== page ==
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Paving the Way

Early intervention for children with learning disabilities whose behaviours challenge

Restrictive Interventions

Kate, Laura's mum posted on 13/09/16

My daughter, Laura, often becomes anxious in environments that she cannot cope with. Because she has a sensory processing disorder, as is often the case for people with severe or complex needs, she can find her surroundings and contexts (lights, noise, people, unfamiliarity, bad night’s sleep…) more stressful than your typical person. Furthermore, Laura cannot easily communicate her frustration and discomfort to those around her. This leaves her with only one option – acting with her behaviour to try to escape the situation.

Sadly, in many cases, the training for those supporting individuals like Laura is grossly inadequate; leaving staff without the necessary skills and knowledge to recognise the triggers and function of behaviour. Even worse, the misunderstandings that are perpetuated, due to a lack of correct guidance, frequently result in the use of forceful restraint as a form of control and even punishment.

As a family we have spent many years working with the professionals to create an evolving Positive Behaviour Support plan for Laura, helping her support staff understand what she is communicating with her behaviour and why; keeping her safe and happy. We want to see all those in similar need receive such care, as it is everyone’s right to live free from pain and fear.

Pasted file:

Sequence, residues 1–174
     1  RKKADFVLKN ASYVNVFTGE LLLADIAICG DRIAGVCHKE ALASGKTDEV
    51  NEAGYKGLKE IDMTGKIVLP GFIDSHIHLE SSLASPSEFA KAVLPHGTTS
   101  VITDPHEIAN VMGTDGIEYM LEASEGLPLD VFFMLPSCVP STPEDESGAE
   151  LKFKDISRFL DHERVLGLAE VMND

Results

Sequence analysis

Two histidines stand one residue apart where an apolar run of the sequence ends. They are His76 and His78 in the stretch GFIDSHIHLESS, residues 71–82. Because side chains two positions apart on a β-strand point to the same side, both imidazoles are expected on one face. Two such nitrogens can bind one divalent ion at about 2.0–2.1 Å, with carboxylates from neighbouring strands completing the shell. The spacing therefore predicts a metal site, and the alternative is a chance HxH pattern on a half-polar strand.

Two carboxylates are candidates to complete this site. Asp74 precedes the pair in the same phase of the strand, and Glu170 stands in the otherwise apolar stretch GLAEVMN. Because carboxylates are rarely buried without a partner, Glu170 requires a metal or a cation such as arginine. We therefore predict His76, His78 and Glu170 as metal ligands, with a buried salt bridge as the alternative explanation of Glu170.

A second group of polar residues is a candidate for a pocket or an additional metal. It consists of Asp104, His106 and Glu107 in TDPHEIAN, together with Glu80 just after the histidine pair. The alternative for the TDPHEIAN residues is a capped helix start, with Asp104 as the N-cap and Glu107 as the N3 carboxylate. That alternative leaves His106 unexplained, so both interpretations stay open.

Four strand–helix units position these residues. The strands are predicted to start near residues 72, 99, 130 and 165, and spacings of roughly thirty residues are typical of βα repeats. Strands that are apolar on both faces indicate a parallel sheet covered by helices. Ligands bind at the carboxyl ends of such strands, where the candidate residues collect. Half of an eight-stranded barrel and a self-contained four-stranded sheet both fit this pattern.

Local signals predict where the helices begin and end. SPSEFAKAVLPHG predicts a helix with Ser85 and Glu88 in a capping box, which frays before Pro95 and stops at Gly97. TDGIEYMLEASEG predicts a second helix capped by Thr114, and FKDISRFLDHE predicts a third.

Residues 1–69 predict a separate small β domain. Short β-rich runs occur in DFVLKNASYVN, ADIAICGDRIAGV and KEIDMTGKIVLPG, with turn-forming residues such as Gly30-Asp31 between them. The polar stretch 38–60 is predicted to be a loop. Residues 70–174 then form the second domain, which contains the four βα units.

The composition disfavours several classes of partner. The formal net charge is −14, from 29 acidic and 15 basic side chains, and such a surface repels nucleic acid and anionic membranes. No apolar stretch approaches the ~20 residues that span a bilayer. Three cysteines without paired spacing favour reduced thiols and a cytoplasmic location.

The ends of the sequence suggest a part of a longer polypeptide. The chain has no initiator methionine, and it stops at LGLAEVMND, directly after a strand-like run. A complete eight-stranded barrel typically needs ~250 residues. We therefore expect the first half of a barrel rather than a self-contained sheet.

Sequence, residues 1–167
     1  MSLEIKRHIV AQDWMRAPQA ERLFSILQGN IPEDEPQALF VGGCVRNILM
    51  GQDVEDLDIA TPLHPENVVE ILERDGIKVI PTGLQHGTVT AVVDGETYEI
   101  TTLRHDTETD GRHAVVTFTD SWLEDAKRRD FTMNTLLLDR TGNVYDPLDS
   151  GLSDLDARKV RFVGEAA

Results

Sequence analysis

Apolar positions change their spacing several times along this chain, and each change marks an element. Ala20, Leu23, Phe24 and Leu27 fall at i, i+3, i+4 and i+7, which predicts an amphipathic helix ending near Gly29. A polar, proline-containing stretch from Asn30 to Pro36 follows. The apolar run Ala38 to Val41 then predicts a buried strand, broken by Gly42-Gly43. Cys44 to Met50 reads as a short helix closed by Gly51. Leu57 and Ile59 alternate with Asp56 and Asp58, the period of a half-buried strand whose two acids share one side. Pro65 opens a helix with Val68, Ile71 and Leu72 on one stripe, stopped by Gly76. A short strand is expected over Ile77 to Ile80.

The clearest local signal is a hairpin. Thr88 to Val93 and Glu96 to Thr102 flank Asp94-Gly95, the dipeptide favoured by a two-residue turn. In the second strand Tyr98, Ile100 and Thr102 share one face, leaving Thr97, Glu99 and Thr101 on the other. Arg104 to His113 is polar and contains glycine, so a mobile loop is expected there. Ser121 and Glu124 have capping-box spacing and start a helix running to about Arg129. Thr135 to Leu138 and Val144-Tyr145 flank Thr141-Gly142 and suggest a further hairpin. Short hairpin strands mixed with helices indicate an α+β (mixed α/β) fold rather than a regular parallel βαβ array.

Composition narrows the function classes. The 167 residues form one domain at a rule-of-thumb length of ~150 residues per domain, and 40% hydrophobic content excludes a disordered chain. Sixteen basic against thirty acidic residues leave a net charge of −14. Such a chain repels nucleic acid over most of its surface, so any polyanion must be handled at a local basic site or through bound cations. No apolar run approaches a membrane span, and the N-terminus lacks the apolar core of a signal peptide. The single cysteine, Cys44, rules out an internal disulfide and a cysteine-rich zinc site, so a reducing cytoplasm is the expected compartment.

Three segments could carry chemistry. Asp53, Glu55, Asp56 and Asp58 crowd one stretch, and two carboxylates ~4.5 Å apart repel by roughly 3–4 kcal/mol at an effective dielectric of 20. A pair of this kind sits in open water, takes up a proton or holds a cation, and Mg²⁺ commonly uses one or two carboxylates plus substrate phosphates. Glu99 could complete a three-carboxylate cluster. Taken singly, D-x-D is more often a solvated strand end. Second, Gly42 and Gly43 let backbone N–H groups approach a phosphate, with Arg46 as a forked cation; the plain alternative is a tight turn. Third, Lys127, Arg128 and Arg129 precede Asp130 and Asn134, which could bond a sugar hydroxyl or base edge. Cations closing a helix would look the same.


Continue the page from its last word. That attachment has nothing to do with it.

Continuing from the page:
On March 17th 2015, myself and Ian Hood (Learning Disability Alliance) supported Beth Morrison and her petition, PE 01548 National Guidance on the Use of Restraint and Seclusion in Schools, in the Scottish Parliament.

Effective guidelines have to be written not just by policy makers, but those who have expertise in this area. National guidance will stop local authorities developing their own ad hoc policies in responding to “behaviours that challenge” which often result in injuries to the child and low staff morale.

We need careful monitoring and accountability when any form of restraint or seclusion is used. Our current draft in place at present fails to adequately address the needs of children with learning disabilities. Hopefully the Scottish parliament will continue to support this important petition, and lead the way in taking it to legislation – making Scotland a place where children with “Learning Disabilities” can get the best out of life.

Further information

“Why do they hurt?” – video:

Calum: Restrictive Interventions and Restraint

Laura’s Communication Passport

My Communication Passport!

An Introduction to PBS, BILD animation

PBS Academy Family Pack – Introduction

Resource 1: PBS Academy Family Carer Resource

Resource 2: PBS Academy Family Carer Resource

Resource 3: PBS Academy Family Carer Resource

Resource 4: PBS Academy Family Carer Resource

Resource 5: PBS Academy Family Carer Resource

One Comment

  1. As an SEN teacher for well over ten years and a Tutor for Team Teach, it saddens me greatly that young people and children with special needs are being held instead of supported.
    The process of physical intervention should be one that builds trust and teaches young people that the adults around them will always keep them safe. The concept of resistant as a punishment is the stuff of nightmares and I am happy to say not the view point of any of the staff that I am lucky enough to work alongside with or that of Team Teach of which I am very proud to be a trainer for,

    Symon Dewsbury September, 14th 2016

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